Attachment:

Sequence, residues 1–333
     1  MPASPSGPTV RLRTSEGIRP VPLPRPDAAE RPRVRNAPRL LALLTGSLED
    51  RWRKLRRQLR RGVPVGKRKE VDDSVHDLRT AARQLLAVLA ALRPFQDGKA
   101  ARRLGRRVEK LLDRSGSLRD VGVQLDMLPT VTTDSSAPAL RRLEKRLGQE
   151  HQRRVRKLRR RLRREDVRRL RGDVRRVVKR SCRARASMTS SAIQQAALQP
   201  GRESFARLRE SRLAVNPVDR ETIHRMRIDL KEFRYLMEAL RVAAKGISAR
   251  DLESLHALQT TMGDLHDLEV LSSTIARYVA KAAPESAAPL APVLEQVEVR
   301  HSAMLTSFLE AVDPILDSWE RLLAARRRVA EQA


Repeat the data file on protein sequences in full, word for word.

Sequence, residues 1–333
     1  MPASPSGPTV RLRTSEGIRP VPLPRPDAAE RPRVRNAPRL LALLTGSLED
    51  RWRKLRRQLR RGVPVGKRKE VDDSVHDLRT AARQLLAVLA ALRPFQDGKA
   101  ARRLGRRVEK LLDRSGSLRD VGVQLDMLPT VTTDSSAPAL RRLEKRLGQE
   151  HQRRVRKLRR RLRREDVRRL RGDVRRVVKR SCRARASMTS SAIQQAALQP
   201  GRESFARLRE SRLAVNPVDR ETIHRMRIDL KEFRYLMEAL RVAAKGISAR
   251  DLESLHALQT TMGDLHDLEV LSSTIARYVA KAAPESAAPL APVLEQVEVR
   301  HSAMLTSFLE AVDPILDSWE RLLAARRRVA EQA